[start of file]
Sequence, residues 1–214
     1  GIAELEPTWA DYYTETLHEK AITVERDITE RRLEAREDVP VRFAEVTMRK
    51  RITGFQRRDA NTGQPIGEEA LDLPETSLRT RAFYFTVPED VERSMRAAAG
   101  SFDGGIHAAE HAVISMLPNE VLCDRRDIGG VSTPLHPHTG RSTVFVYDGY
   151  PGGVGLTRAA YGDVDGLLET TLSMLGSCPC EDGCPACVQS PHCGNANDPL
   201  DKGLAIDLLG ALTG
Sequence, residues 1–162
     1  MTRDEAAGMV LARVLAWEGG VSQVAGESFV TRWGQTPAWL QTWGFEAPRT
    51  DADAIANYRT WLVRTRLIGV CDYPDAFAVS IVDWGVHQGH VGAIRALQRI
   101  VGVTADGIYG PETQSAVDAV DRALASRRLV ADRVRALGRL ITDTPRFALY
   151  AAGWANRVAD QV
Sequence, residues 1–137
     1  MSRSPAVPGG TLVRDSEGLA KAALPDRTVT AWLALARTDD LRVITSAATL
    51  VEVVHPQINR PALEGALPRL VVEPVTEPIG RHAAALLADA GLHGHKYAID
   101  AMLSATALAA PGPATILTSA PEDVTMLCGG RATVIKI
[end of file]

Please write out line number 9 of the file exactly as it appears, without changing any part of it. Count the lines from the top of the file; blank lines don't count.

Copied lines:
    51  DADAIANYRT WLVRTRLIGV CDYPDAFAVS IVDWGVHQGH VGAIRALQRI